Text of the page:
6. Amanda (5 Miles Past Empty) for making me do lunges [in a bikini] and liking furry animals.
  3. Adam, thank you.  You were my first follower two months ago.  And I immediately felt I could fit in to being a runner when I saw that you had a blog that was about "nothing" to use a Seinfeld praise.  Whenever I see it has a new post I'm on it baby.  Late for a Wedding, Church or an Opera?  So what, Adam's got something to say.  You have helped me [in a non-legally binding way] in my understanding of training and given me much encouragement.  I hope to grow up and be just like you.  I am planning a trip to Iowa soon for a wine tasting!

Taking a break for a few days.  Sorry folks, my wife and I are off to a spiritual retreat given by Fr. Ron Rolheiser at a local retreat house.  I'll be offline until Sunday evening - no laptops, radios, or phones allowed - thank God!  Of course our world is already crumbling without us so we have people lined up for babysitting, driving people places, lawn cutting etc. But I couldn't find anyone to post and read your posts.  Don't post anything interesting this weekend.  Or if you do email me to catch up on it! andrew (at) andrewopala (dot) ca.  I might sneak my blackberry in past the strip search [don't ask where]!


One Crazy Penguin said...

Great job on the 8k and enjoy your weekend retreat!

Neil Zee said...

My tag line on another blog of mine is:

Make play a high priority in your life for if you die tomorrow no one can play for you, but someone can and will do your work for you!!!" Ken Beebe (Dr. Play)

You said that in this post, about no one will read or write your blogs, but the lawn will get cut. Great sentiment! Enjoy your weekend away.

Anonymous said...

Thanks for sharing that with us.
Have a great retreat! Everyone needs time away from the Internet!

Rae said...

Great job on the 5 miles! I haven't done that far yet...2 more weeks!

Congrat on your award and thank you for giving one to me. That is so sweet of you! Thank you for your kind words. :)

I know how you feel about not being with your Dad when he Dad died when I was 13 and I wasn't with him either. But maybe he was waiting for you to leave so he could be alone. My Nana had lung cancer and the day she passed we were all there with her. But my uncles left to go get us lunch. So just my Mom, me, my Sis, and Papa were there when she passed, and we always say that's who she wanted there. That maybe she didn't want her sons to see her go. I think you were a wonderful son. You took care of your Dad, and moved closer, took him on walks, so I don't think you should have any regrets.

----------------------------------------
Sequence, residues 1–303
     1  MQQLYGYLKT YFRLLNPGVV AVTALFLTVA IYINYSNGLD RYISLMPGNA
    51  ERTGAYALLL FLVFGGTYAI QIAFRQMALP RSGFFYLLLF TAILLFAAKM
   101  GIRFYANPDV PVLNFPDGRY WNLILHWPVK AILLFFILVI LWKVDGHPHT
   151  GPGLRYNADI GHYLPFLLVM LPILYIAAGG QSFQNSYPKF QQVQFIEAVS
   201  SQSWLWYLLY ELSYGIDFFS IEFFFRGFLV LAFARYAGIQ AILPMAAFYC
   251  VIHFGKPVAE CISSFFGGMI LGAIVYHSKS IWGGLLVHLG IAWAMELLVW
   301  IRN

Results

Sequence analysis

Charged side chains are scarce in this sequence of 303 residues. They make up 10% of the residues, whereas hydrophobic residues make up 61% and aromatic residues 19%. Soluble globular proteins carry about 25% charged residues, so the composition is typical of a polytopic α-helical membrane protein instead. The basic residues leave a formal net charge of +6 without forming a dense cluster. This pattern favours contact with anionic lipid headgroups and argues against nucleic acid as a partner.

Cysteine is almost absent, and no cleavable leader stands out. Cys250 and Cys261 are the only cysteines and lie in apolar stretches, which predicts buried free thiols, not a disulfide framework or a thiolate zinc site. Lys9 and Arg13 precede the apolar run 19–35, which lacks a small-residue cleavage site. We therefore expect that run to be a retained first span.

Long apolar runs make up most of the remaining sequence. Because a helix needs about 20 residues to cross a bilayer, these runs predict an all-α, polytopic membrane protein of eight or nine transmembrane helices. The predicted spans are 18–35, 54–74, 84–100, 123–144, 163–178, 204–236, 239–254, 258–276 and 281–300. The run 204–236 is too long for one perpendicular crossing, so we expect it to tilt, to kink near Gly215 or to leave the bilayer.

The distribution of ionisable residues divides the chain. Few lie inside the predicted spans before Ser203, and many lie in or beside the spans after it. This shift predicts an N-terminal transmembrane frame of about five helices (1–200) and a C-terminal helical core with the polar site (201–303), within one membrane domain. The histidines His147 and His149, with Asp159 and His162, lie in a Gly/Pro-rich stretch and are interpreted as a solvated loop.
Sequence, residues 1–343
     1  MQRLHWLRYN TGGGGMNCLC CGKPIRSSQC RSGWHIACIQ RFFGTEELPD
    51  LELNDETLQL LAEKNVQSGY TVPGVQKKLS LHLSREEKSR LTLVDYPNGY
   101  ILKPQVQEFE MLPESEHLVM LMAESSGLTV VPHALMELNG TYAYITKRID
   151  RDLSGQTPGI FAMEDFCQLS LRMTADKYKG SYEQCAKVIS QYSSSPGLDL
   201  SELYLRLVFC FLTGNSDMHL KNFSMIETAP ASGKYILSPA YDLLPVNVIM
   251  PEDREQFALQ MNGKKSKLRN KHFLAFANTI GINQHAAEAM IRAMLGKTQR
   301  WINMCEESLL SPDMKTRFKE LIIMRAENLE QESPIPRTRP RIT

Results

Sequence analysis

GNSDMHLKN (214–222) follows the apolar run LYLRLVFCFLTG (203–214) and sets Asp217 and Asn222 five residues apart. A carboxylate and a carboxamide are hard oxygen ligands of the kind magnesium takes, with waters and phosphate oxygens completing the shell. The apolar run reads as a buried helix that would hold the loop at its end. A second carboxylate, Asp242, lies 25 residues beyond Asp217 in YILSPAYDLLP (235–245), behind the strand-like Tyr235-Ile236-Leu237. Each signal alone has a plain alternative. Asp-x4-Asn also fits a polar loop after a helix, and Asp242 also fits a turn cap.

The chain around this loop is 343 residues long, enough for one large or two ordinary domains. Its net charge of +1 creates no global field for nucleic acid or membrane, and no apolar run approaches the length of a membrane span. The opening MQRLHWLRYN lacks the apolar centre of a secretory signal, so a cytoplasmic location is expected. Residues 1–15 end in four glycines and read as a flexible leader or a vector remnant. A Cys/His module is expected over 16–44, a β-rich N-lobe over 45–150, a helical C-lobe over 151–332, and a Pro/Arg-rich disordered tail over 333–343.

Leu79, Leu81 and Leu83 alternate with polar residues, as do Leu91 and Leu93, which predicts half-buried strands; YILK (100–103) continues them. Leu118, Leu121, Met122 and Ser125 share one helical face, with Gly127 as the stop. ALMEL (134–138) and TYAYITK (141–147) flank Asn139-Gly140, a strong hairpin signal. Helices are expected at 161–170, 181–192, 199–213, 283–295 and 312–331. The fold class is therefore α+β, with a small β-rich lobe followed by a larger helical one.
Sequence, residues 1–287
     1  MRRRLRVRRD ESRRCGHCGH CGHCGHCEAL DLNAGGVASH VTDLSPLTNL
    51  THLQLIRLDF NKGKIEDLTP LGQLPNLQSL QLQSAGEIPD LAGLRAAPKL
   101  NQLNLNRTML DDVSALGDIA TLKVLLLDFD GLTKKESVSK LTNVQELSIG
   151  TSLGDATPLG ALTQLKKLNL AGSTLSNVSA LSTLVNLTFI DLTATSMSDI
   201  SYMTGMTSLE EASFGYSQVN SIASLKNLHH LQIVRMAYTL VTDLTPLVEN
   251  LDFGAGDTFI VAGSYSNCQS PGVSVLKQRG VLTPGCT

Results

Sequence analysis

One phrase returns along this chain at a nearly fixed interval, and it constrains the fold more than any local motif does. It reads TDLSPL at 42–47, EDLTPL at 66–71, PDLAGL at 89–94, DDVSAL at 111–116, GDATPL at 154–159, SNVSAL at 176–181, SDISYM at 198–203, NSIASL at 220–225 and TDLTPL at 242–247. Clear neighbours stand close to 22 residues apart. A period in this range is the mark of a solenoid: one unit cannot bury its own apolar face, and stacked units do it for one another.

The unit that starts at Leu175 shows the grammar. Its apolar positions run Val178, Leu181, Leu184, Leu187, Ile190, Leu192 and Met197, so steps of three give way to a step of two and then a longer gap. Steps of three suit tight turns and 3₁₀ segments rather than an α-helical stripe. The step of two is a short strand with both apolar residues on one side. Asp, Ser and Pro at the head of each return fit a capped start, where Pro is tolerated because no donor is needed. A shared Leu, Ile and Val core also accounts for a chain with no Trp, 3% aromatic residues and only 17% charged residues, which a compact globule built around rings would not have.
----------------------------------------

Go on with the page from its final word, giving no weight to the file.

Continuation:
The Green Girl said...

Congratulations on your run. I hate when I have to pee and there's no good place. In San Francisco, I actually peed in a warehouse - no joke.

I'm sorry about you not being there when your dad passed but based on your description of him, it sounds like he probably wanted it that way.

Teri S. said...

Thank you so much for sharing your story, and for giving me a cherry on top award. While I cannot claim Operation Beautiful as my own (I am only a fan and participant), I will post many notes next weekend in your honor!

Julie said...

Wow, this was a very touching and lovely post:) You are such a good person and I think that you are being really hard on yourself. Bless your heart:)

Have a wonderful weekend!

Elizabeth said...

Andrew, recovery pace is slow so that I can easily carry a conversation with a running partner or myself without huffing and puffing a "comfortable pace".

I am using the book, Brain Training for Runners by Matt Fitzgerald for my training, this is my first time using it for a full marathon but I used it for 2 halfs last year and was able to break 2 hours. The program is very detailed and it tells me what pace to run based on my realistic goal finish time.

Also, if you plug in a previous or realistic goal time into McMillian's Running Calculator, it gives you a very detailed list of paces.

Hope that helps

Thanks for sharing the story about your dad but I believe he died on his own terms just like mine did.

Chris K said...

Darn it Andrew, you woke up my tear ducts on that one. If you ask me, you were a World Champion son.

Lucas R. Tucker said...

In response to your comment on my page. My training plan has it's own page with a link at the top. It will be the top plan. It is a combination of a plan from tri newbies with the running replaced with a plan from runner's world smart coach. I'm looking to make some changes soon as it was not originally planned around a race, but now I have a race in October. said...

Great way to get you moving!

On a different note; Sorry for your loss, I too just lost my Daddy a couple of months ago, and it is not easy. My heart is with you.

YOurs in Health,

Jill said...

I am truly sorry for your loss; I know that pain first-hand. I bet your dad is looking down with great pride on the great man you've become!

Have a fun weekend!

wendy said...

Wow! thanks for sharing! I hope your retreat goes well : )

The Boring Runner said...

What an amazing story. I know that your father is looking down on you and understsands. I am VERY certain that he appriciated the time that he was able to spend with you in his final hour.

Moi! said...

Beautifully written!I am sure your father is very proud of you.

Congratulations on the Cherry award.

Keep running and happy blogging!